Submitted by gwolf on Wed, 06/07/2006 - 09:23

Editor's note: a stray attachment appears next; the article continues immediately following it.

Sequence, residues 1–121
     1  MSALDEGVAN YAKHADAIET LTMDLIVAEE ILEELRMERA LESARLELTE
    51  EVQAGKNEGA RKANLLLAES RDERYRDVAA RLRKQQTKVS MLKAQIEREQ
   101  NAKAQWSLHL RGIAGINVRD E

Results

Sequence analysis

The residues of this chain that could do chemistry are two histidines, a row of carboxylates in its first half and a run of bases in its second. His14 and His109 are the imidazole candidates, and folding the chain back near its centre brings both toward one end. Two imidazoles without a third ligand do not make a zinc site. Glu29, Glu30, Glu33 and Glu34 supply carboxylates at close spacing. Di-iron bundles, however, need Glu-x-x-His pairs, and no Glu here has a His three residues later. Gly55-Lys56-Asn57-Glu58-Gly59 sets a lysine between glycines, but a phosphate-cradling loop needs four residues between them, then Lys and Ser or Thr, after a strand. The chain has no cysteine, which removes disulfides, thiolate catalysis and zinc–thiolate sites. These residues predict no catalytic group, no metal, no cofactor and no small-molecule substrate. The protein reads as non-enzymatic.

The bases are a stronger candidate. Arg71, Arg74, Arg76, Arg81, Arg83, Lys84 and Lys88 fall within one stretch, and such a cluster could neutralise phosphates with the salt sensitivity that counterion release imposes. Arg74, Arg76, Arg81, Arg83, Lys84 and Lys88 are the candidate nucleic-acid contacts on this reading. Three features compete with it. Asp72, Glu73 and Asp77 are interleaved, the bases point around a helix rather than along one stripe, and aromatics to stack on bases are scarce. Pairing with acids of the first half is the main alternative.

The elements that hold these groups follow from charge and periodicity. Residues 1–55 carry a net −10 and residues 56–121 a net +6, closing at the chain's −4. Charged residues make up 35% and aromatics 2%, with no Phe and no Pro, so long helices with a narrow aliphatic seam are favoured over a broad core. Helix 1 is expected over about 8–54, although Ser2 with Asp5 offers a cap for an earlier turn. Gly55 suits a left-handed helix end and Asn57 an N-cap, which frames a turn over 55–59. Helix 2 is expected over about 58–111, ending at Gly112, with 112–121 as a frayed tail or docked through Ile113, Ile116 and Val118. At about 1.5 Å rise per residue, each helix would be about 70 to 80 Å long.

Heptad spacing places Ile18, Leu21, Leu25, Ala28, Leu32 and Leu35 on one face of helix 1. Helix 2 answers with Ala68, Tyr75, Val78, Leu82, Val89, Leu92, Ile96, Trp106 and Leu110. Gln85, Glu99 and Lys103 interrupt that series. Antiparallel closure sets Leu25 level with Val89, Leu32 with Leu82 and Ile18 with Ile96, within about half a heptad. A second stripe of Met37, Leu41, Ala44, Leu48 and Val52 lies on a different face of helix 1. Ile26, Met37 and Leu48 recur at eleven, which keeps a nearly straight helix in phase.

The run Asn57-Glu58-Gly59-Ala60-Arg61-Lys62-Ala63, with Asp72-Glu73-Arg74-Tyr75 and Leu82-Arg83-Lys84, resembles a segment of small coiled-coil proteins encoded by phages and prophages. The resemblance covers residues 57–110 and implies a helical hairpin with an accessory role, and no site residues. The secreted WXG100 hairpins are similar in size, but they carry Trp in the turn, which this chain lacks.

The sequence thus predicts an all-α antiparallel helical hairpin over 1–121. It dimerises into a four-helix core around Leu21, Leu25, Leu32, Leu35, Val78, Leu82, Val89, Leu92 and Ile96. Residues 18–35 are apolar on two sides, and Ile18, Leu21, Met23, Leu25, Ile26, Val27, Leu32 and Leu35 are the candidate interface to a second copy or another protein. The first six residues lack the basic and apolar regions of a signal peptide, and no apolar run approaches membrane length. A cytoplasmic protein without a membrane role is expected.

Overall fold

Ok, it may not be ready yet, it might be lacking too many details. It might even make sense to make this initial announcement in Spanish - But a long time ago, I decided my blog would be English-only, as most of the people who read it are not Spanish speakers. Anyway, here I go. We are less than one month away of the presidential elections in Mexico. We are facing the choice between two candidates (the others won't really make a difference this time): Felipe Calderón, a conservative member of the right-wing PAN party (currently ruling), and Andrés Manuel López Obrador, from the center-leftist PRD party. There are way too many reasons for me, and for my friends, to prefer and promote the López Obrador project. No, that is not the definitive leftist stance we want, but it is a good step in the right direction. He was the major for Mexico City from 2000 to 2005, and his government showed he knows how to push social programs, he knows how to improve the conditions of the mass of the population, he knows he must start acting from below, reducing the terrible gap that exists in my country between poor and rich people, among the steepest differencies in the world. So... Instead of flooding my personal blog with things that are not directly relevant to most of us, some friends and I have started setting up www.fecal.org.mx, the unofficial site of Felipe Calderón. Yes, we took some of the steps we often criticize about the right-wing propaganda: Attacking instead of proposing. López Obrador has lost some points as he is centered more in proposing and spreading his government plan than in destroying Felipe Calderón - While Calderón has been working on creating fear, on tying López Obrador's figure to that of an authoritarian dictator (Hugo Chávez has often been quoted, although it has been proven over and over no link or similarity exists), on dismissing his economic program saying he only knows how to create debt (while Mexico City's economy was strongly reactivated during López Obrador's period, and the city's public debt has not grown considerably compared to what previous governments did), and simply ignoring any criticism to his own project dismissing them as baseless propaganda. Originally, we intended FeCal to become just a parody of Felipe's official site, emphasizing on what a shitty candidate he is (no wonder he carries such a name!), but we decided to be more propositive than him - We will post news following Felipe's intransigency, erroneous economic decisions and incoherences, yes, but we will also write articles by ourselves, trying to provide more interesting content, something that can objectively be used as a reference on why Felipe Calderón's project cannot be seen as socially responsable, as something that will benefit anybody but the current ruling elite - Just giving six more years to the already too long 24 year old marriage with neoliberalism we have seen, just continuity with the current government's failures, just more white-collar corrupt thieves which never recieve any kind of punishment and discourage people from pushing together towards a better country. So, I stop flooding here. If you want to take part in the FeCal project, please contact me. If you agree with what we say, link us from your page, from your texts, from whatever you do.